The Miami Dolphins featured one of the league’s best secondaries in 2020 and most of those players are returning for the 2021 season.
Opposing quarterbacks completed roughly 63 percent of passes, the league’s eighth-best mark, and Miami’s secondary held opponents to 1.3 passing touchdowns per game, the league’s second-best mark.
Despite the positional success in 2020, it didn’t stop general manager Chris Grier from making moves to the unit. The team decided to move on from starting safety Bobby McCain, acquire cornerbacks Jason McCourty and Justin Coleman in free agency and draft safety Jevon Holland with the No. 36 pick in the 2021 NFL draft.
Defensively, the Miami Dolphins played 998 snaps in 2020. McCain was on the field for 923 snaps and fellow safety Eric Rowe registered 919 plays last season.
“At the end of the year, teams are always switching out players, adding players, letting go of players,” Rowe said on Wednesday regarding the discussion to move on from McCain. “That’s just the business side, so I really can’t say much on that. I’m not upstairs making roster moves.”
The 92 percent of snaps played by McCain will have to be replaced and in early June, it looks like Holland may get an opportunity to start as a rookie.
“He is athletic. He has nice size; and then I’ve talked to him and he’s a smart guy,” Rowe said. “He’s picking up the defense pretty fast. We’re just doing walkthroughs right now, but I see him picking things up pretty quick.”
Aside from McCain’s role as the team’s free safety, every player to log at least 220 snaps in Miami’s secondary last season is scheduled to be on the team in 2021 — at the moment.
The Dolphins wouldn’t have brought in McCourty and Coleman if they didn’t believe the secondary could improve on last year’s success. Some players get better and others get worse (breaking news, I know) and the unit could look a bit different as the league evolves.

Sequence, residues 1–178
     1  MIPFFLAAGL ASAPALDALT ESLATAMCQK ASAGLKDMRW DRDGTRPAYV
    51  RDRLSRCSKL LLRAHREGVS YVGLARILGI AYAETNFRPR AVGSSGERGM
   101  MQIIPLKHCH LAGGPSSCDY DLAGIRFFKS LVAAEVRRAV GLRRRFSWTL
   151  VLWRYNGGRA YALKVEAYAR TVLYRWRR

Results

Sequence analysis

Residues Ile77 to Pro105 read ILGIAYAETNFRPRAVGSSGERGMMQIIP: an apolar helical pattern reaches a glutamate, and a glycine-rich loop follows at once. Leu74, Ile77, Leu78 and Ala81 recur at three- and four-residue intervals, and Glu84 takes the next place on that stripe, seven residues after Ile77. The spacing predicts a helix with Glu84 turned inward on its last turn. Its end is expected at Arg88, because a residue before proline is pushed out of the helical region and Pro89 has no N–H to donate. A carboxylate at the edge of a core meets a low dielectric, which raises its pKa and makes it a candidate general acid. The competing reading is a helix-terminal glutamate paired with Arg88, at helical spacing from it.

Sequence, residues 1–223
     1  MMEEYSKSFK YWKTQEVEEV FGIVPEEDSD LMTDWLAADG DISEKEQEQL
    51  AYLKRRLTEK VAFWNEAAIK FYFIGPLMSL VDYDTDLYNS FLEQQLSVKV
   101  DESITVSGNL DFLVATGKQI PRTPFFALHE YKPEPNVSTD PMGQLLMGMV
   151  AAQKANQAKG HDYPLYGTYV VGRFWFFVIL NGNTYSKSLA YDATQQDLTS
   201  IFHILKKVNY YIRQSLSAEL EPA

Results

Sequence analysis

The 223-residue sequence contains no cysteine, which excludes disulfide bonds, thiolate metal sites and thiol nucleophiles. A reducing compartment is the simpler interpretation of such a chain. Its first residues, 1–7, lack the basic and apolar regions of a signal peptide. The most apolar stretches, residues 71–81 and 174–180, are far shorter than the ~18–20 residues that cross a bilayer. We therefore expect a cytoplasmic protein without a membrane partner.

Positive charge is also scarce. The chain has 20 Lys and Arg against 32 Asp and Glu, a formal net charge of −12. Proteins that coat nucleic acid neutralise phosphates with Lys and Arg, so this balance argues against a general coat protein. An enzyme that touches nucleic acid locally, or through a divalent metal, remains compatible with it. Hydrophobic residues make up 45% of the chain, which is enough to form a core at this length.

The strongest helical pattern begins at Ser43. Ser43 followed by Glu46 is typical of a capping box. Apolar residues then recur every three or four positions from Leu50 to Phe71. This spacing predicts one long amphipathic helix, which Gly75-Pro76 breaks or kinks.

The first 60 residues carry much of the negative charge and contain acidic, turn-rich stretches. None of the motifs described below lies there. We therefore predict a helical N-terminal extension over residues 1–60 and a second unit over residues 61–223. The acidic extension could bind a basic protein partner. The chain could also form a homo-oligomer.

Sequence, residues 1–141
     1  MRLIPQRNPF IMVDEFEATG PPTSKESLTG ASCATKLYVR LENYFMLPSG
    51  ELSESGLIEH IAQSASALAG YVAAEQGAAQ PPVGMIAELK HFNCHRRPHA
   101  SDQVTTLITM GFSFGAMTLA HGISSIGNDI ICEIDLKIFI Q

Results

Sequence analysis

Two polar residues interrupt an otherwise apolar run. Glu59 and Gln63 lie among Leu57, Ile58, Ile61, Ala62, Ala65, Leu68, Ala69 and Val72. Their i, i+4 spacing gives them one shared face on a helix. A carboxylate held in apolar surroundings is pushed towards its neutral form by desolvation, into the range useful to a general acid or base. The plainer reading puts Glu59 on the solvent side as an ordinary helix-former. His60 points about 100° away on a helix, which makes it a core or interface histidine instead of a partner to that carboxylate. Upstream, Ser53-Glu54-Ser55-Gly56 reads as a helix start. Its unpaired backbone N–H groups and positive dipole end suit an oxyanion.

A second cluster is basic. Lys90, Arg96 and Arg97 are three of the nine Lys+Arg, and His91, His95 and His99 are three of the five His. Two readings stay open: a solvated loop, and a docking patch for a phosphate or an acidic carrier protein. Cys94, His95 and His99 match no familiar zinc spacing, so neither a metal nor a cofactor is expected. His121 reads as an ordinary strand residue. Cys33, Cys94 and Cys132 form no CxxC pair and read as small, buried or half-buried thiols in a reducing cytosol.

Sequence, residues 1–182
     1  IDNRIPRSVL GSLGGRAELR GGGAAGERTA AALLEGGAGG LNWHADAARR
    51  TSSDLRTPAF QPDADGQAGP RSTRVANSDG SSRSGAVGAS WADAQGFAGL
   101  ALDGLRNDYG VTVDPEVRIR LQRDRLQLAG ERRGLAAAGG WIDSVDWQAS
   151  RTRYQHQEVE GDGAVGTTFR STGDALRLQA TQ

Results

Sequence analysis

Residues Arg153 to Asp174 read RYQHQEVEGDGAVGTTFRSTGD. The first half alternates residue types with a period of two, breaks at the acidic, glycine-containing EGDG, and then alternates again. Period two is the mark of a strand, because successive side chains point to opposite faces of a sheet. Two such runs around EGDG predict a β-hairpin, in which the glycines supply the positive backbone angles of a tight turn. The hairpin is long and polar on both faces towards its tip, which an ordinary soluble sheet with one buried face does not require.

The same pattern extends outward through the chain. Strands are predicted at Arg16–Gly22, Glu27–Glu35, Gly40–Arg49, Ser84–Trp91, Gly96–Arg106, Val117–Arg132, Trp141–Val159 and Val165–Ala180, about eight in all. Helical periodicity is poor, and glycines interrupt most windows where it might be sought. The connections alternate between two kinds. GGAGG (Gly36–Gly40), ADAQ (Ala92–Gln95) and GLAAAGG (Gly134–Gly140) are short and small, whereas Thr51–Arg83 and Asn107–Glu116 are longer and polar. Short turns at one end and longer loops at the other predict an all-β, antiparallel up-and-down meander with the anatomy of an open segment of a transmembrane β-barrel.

It is hard to imagine a world where Rowe, Xavien Howard and Byron Jones are not starting for the Dolphins. After that, though, competition will decide who will suit up on game day.
Former third-round pick Brandon Jones received his fair share of snaps in 2020, cracking 40 percent of snaps eight times. Keep in mind, head coach Brian Flores loves flexibility and often used packages that feature six, maybe even seven, defensive backs.
Brandon Jones saw his snaps fall to 25 percent in Week 16 and 20 percent in Week 17 with Clayton Fejedelem playing nearly 50 percent of snaps in each week. Kavon Frazier also saw his snap-count rise, playing 38 percent of snaps in Weeks 16 and 17.
In his second year, Brandon Jones could make the jump to full-time starter, beating out Holland for the team’s starting strong safety job. At the same time, the Miami Dolphins could use McCourty as an option at safety and Fejedelem remains on the roster.
Brandon Jones is trending in the right direction but saw his snaps drop late in the season. It is also possible that his fate is similar to what former first-round pick Noah Igbinoghene dealt with in 2020, an uphill battle with too many talented players without enough snaps to go around.
Speaking of Igbinoghene, he played at least 40 percent of snaps in six different games and hit a few bumps on the road during that time. Igbinoghene, who played at least 60 percent of snaps in the season’s first four weeks, didn’t play more than 47 percent of snaps in a game over the remainder of the season.
Making the transition from college to the NFL at cornerback isn’t an easy task and things could be easier for Igbinoghene, 21, in his second season. While he may not push Byron Jones or Howard (crazier things have happened), could the former first-round pick make the jump and push for the role of slot cornerback?
Nik Needham was the team’s slot for most of the 2020 season, playing at least 50 percent of the team’s snaps in 13 games last season. With Needham set to return and Coleman joining the franchise as a career slot-corner, this is another position that may not be decided until late August.
While most think of the receivers when talking about training camp battles, the Dolphins continue using assets to bolster an already impressive secondary. Most of the team’s defensive backs are returning from last season, but competition could push a variety of changes this summer.